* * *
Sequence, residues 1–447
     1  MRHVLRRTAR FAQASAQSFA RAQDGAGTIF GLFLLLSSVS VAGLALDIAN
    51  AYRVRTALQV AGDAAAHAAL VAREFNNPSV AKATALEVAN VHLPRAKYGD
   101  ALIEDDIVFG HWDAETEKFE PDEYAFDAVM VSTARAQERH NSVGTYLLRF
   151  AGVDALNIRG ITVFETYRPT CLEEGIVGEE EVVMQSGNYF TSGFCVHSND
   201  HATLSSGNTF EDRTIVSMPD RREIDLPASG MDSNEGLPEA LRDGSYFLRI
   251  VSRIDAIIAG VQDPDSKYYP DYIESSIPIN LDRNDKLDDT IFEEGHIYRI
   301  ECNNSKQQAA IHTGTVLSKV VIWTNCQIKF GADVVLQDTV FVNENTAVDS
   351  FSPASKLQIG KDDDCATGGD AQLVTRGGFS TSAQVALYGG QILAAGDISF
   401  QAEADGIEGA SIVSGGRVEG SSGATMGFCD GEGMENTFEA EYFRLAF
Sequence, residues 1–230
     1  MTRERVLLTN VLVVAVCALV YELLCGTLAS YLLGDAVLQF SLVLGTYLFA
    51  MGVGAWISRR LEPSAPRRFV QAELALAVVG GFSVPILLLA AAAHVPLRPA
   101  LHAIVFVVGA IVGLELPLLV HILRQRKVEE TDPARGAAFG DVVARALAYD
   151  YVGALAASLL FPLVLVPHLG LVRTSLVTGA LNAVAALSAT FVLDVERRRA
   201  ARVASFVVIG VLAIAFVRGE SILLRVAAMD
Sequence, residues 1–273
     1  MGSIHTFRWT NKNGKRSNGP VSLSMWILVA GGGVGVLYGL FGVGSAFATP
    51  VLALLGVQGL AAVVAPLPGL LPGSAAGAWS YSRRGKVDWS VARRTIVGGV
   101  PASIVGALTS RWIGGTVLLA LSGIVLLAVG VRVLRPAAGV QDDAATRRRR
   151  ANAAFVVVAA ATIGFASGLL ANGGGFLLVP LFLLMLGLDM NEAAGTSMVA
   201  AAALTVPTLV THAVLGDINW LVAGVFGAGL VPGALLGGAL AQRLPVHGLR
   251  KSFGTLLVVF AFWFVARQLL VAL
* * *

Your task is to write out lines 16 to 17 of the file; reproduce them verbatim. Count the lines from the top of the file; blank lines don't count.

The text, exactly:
   201  ARVASFVVIG VLAIAFVRGE SILLRVAAMD
Sequence, residues 1–273